Just about a year after coming to Bapu, Mirabehn received a cable from her mother saying that her father had passed away. Bapu suggested that she go to England if she wished to. But Mirabehn politely declined to go there. Her learning of Hindustani was not going very well. So she sought Gandhi's consent to go to the northern part of India and live among Hindi-speaking people. For this purpose she was sent to Kanya Gurukul, Delhi, and thereafter to Kangri Gurukul.
When she went to Kangri Gurukul, she learnt that Gandhi was to come there in March 1927 for its Jubilee celebrations. The thought of seeing Bapu after a long time was inspiring. She also thought that Bapu might take her with him. But it turned out to be a vain hope. On the contrary, Bapu was thinking of sending her to Bhagwadbhakti Ashram, Rewari. Perhaps he was trying and training her. Soon after reaching that Ashram, Mirabehn received a letter from Gandhi in which he wrote:
The parting today was sad because I saw that I pained you. And yet it was inevitable. I want you to be a perfect woman. I want you to shed all angularities. All unnecessary reserve must go.....
Do throw off the nervousness. You must not cling to me as in this body. The spirit without the body is ever with you. And that is more than the feeble embodied imprisoned spirit with all the limitations that flesh is heir to. The spirit without the flesh is perfect; and that is all we need. This can be felt only when we practice detachment. This you must now try to achieve.
This is how I would grow if I were you. But you should grow along your own lines. You will, therefore, reject all I have said in this that does not appeal to your heart or head. You must retain your individuality at all cost. Resist me when you must. For I may judge you wrongly in spite of all my love for you. I do not want you to impute infallibility to me.
In these few words Gandhi had expressed the crux of the struggle which was to face her throughout the years to come.
Mirabehn lived in India during a most eventful period in which she saw in 1927 the Simon Commission facing black flags everywhere, the resolve of the people for complete independence in 1929, the Dandi March and the Civil Disobedience movement in 1930-31 and the Gandhi-Irwin Pact in 1931; she accompanied Gandhi and others to the Round Table Conference in London in the autumn of 1931; prepared the people of Orissa to resist Japanese invasion non-violently in the beginning of 1942, and was arrested and kept in detention with Gandhi in the Aga Khan Palace, Pune, in 1942 where she saw Mahadev Desai and. Kasturba Gandhi breathing their last. She was a witness to the Simla Conference and the Cabinet Mission, the Interim Government and the Constituent Assembly, the partition of India followed by holocaust and the assassination of Mahatma Gandhi.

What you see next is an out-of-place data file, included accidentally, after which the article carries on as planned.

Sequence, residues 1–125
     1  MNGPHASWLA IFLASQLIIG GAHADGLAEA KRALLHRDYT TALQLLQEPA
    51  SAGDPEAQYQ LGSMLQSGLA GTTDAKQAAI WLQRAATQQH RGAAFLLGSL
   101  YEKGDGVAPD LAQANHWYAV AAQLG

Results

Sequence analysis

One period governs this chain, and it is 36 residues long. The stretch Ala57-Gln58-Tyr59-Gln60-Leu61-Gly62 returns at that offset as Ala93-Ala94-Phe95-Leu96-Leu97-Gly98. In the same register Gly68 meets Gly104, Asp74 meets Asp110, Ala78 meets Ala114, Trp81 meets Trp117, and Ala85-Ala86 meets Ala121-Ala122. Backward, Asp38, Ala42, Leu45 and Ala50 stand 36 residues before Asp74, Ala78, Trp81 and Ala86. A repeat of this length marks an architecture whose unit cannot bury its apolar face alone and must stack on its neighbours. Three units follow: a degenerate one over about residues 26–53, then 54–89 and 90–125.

Remaining in mid-stream she always had a role to play. As an inmate of Gandhi Ashram she traveled far and wide for the propagation of Khadi. She wrote over a hundred articles in Young India and Harijan, She also wrote articles for The Statesman, Calcutta, The Times of India, Bombay, and The Hindustan Times, Delhi. Without the least intention of taking part in the freedom movement, she courted imprisonment a couple of times in 1932-1933, and was kept first in Arthur Road Jail and later in Sabarmati Jail. Whenever she was with Mahatma Gandhi she looked after him in minutest detail. At times she went to the Viceroy as a personal emissary of Mahatma Gandhi and at other times to the Congress President and the members of the Working Committee. To plead the case of India she went abroad-met Lloyd George, Lord Halifax, General Smuts, Sir Samuel Hoare and Winston Churchill, visited United States and went to New York, Philadelphia, West Chester, Boston, Harvard and Washington, delivered a lecture at the Harvard University and met Mrs. Roosevelt at the White House in Washington. Mirabehn took keen interest in the formation of Sevagram Ashram and organised cleanliness campaigns in the surrounding villages. She was always unflinching in her service to Bapu and longed to be with him as long as possible. For such longing she earned reprimands more than once from Gandhi, Gradually she undertook independent activities with the help and blessings of Bapu.
For some time her mind was infatuated with a weakness for Sardar Prithvi Singh and her emotions ran riot. When she spoke to Bapu about it, he looked at her with unexpected seriousness and said, "If you feel like that it means to my mind that you should marry", and added, as if thinking aloud, "perhaps marriage has been the unspoken word in your. life." But Prithvi Singh wisely resisted all proposals whether from Bapu or others.